Port Columbus touts record numbers; Skybus part of the reason
Thrusday Skybus announced new service to New York City. The news comes as Port Columbus International Airport reports record passengers. More than 100,000 people used Port Columbus in September - propelling the airport to its busiest third quarter ever. And Skybus is a big reason for the increase in passenger traffic.
Skybus Airlines passengers check in and drop off their luggage at Port Columbus International Airport Wednesday afternoon.
It's the same day the airport announced record-breaking numbers for its third quarter. So far this year more than five-and-a-half million people have traveled through Port Columbus - that's a 15-and-a-half percent increase over last year's figures.
But with oil costing more than $90 a barrel and airlines, like Delta, recovering from bankruptcy how is Port Columbus doing so well?
David Beckerman works at OAG BACK Aviation Solutions - an airline consultant company. Beckerman said the new low-fare airline Skybus that took off in the spring is part of the reason for Port Columbus' success.
"By September you'd see the net effects of their flying over the summer helping to attract more passengers to Port Columbus. And at the same time as the airport gets better known the other carriers that serve the airport, the incumbent carriers, also see some benefits," Beckerman said.
Beckerman said airports with low-fare carriers like Skybus, JetBlue and Southwest tend to increase traffic from other cities or states.
"It might attract someone from as far away as Pittsburgh, Pennsylvania, particularly if they're traveling a long distance. If they're traveling to the west coast like Oakland or Los Angeles, which is serviced by Burbank, you could see a person say hey I'll drive up to Columbus because it's only, relatively in terms of my total trip time, a few hours to get up there and then I don't have to pay very much for the trip," Beckerman said.
Lonnie Sites and his family choose Skybus. Sites who is from La Rue said he could've flown out of Dayton. But he said the low fare he got at Skybus prompted him to come to Columbus.
"This was the better choice," Sites said.
Sites even got a non-stop flight to California.
"That's nice. No layovers," he said.
Spencer Clum from Spencerville, Ohio also chose to Columbus over other airports. He said he could've gone to Toledo, Dayton or Fort Wayne.
"There are other airports about equal distance but with Skybus being here - where we're going is Greensboro, North Carolina, Skybus goes there. So, it was the way to go. And was it because of the cheaper flights at Skybus? Absolutely," Clum said.
But not everyone is driving long distances to Columbus to fly Skybus. Steven Hardy Parkersburg, West Virginia said he was thinking about flying out of Charleston, West Virginia, but chose Columbus instead.
"It was a lot more economical to drive the extra hour than to spend the extra money that would've been spent to fly out of Charleston," Hardy said.
Port Columbus' David Whitaker said increased flights and seats are reasons for more people using the airport.
"We've had a lot of growth by Southwest, and of course we have new entrance, Skybus has been growing very rapidly providing new seats and destinations at competitive rates," Whitaker said.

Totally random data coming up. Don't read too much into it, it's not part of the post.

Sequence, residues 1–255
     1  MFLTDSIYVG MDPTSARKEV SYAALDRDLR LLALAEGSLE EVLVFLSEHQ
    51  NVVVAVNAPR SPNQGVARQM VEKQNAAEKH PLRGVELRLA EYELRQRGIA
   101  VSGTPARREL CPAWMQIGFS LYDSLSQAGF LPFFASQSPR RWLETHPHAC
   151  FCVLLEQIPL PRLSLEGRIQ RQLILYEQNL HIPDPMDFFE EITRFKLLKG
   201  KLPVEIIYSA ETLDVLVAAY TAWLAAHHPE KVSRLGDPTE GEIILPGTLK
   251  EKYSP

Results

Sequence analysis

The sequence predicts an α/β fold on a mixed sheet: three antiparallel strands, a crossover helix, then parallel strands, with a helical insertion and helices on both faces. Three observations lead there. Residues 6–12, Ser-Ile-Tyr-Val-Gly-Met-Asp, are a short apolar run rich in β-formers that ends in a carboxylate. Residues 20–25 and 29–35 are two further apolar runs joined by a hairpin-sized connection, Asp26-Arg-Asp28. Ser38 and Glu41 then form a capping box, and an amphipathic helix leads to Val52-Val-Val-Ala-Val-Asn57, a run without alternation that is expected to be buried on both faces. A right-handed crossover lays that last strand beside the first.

Beckerman said at the same time Skybus began flights, Pittsburgh saw a decline in service. He says U.S. Airways has steadily pulled back flights from Pittsburgh, and he said that could be another reason for the increased traffic at Port Columbus.
"That means if people are looking for a gateway to fly from and they live in Southeast Ohio they may have previously used Pittsburgh and now they're choosing to use Columbus. Possibly because of the low fares as I mentioned, but they may also be going on one of the traditional carriers simply because the service is better," Beckerman said.
Jo Ann Jenny is a spokeswoman for Pittsburgh International Airport. Jenny said traffic is down. But she blames the decline on flight cuts by U.S. Airways at its Pittsburgh hub. "A lot of passengers would take off out of Cleveland or Columbus and that was more of an issue when our fares were really high. Now that our fares are more competitive we're not really losing as many passengers as we had in the past," Jenny said.
While Port Columbus might be pulling customers from surrounding airports the effects of that are still unknown. Akron-Canton's spokesperson Kristie Van Auken said while this year's numbers are pretty flat. She said between 2001 and 2006 the airport doubled its passenger traffic. Cleveland's passenger numbers are also flat.
But the Cincinnati-Northern Kentucky Airport saw a 23 percent increase in travelers from July to September of this year - even after Delta cut back a quarter of its flights. Ted Bushelman is the airport's spokesperson. He admits people do drive up from Cincinnati to fly out of Columbus. But Bushelman does not attribute that to low cost carriers. He said he does not think mid-westerners bank on low-fare airlines.
"I think people get a little leery sometime when they hear this carrier coming in and they wind up leaving, and then some, as you know, a number of low-cost carriers have gone bankrupt," Bushelman said.
But David Beckerman said low-cost airlines are not the only reason Port Columbus is doing well this year. He said Columbus has advantage over other cities.
"A city like Columbus benefits from the fact that it is a state capitol. Government needs to continue to run, people will have demand to major business destinations and of course to Washington, D.C. But there's also the very large student population, and a large university tends to have consistent travel and it does not wane as much during an economic downturn," Beckerman said.
But amid Port Columbus' good news, Jet Blue announced last week it is pulling service from the airport.